Pros of removable partial dentures include:

  • Less expensive than implants or fixed bridges
  • Restores missing teeth which helps improve your ability to eat and talk comfortably
  • Non-invasive and fairly quick procedure

Cons of removable partial dentures include:

  • Won’t function as well as fixed teeth
  • Can be uncomfortable
  • Must be removed and cleaned daily and left out overnight to give your gums time to recover

 

6. Removable Complete Dentures 

Complete dentures replace a full arch of missing teeth, unlike partial dentures which only replace some teeth. They’re an ideal treatment for individuals who need to replace multiple missing teeth but can’t afford them or aren’t looking for dental implants.

Pros of removable complete dentures include:

  • Improve your appearance significantly because they replace missing teeth
  • Provide sufficient cheek muscle and lip support, create a younger appearance, and restore facial dimensions
  • Affordable and relatively fast treatment option

Cons of removable complete dentures include:

  • Have to remove and clean them daily and keep them out overnight to allow your gums to recover
  • May become ill-fitting due to jawbone shape change
  • May require a few adjustments to make them comfortable

 

7. Resin-Bonded Bridge 

Resin-bonded bridges are generally used to replace front teeth since they’re a bit fragile and can’t withstand your back teeth’s chewing forces. They consist of two wings connected to the abutment teeth on the surfaces of the tooth, closest to the tongue. The wings attach to the replacement tooth.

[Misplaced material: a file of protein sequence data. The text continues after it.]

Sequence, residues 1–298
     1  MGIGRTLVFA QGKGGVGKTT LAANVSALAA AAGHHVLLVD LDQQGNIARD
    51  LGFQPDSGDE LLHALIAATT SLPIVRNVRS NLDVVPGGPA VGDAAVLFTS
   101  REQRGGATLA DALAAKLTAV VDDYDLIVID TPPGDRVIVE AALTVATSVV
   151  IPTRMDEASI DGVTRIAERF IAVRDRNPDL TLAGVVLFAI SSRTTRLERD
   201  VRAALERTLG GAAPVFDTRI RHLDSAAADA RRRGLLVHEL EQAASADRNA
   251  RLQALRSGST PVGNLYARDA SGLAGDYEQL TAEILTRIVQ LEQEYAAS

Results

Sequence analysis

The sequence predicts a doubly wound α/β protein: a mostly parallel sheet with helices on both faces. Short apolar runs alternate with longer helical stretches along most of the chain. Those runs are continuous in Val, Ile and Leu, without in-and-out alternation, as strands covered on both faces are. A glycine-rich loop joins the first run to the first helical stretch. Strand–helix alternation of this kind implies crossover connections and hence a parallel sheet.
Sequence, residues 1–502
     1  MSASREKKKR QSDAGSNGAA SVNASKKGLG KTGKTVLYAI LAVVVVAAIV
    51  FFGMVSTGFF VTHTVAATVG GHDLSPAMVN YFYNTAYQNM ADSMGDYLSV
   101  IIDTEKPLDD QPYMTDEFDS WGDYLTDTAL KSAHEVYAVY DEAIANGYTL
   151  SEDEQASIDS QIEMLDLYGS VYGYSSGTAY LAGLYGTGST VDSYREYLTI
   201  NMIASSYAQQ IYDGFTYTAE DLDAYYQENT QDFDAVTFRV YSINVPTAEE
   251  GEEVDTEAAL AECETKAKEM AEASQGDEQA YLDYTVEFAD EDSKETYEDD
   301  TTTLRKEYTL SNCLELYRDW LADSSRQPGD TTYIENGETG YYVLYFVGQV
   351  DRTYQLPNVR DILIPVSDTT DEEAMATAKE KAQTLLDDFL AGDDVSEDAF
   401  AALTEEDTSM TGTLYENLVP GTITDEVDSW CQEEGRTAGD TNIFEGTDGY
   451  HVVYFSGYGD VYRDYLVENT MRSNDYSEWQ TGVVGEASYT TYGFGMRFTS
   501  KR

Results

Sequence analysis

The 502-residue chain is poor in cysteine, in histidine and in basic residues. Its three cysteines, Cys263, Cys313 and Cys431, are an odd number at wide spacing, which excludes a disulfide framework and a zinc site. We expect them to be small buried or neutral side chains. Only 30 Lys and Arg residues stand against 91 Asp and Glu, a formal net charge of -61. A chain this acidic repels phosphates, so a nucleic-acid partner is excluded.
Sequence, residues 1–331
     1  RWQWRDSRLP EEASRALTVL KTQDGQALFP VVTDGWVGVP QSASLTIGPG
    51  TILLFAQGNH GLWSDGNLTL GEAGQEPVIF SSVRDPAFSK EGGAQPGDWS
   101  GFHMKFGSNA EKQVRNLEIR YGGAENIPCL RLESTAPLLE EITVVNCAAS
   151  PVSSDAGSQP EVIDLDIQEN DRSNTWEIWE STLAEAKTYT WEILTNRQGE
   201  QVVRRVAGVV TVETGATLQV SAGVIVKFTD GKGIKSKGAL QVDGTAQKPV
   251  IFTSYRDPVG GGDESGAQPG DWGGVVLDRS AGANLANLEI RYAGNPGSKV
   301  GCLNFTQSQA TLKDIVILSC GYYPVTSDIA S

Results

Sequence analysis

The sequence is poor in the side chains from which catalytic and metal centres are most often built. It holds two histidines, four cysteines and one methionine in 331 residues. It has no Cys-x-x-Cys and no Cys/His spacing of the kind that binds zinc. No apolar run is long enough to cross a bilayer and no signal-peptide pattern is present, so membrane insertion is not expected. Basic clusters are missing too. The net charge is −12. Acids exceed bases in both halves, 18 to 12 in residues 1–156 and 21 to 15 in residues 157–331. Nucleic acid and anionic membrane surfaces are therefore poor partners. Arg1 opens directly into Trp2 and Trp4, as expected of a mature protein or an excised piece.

Pros of a resin-bonded bridge include:

  • Restores your ability to eat, speak, and smile
  • Keeps remaining teeth from becoming out of place
  • Offers the right amount of lip support

Cons of a resin-bonded bridge include: 

  • Not very strong so it’s typically used to restore front teeth only
  • Fragile and won’t make an ideal long-term option
  • Bridge can pop off teeth from hard food and must be re-cemented

 

Wondering What Options Are There for Replacing Teeth — Contact Rhoades Dentistry

Rhoades Dentistry is a full-service dental practice that offers our patients check-ups, emergency dentistry, pediatric dentistry, orthodontics, cosmetic dentistry, oral cancer screenings, and more. We provide each of our patients with a welcoming, supportive, and anxiety-free environment. Contact us to learn more about our permanent tooth replacement options to help restore your healthy smile.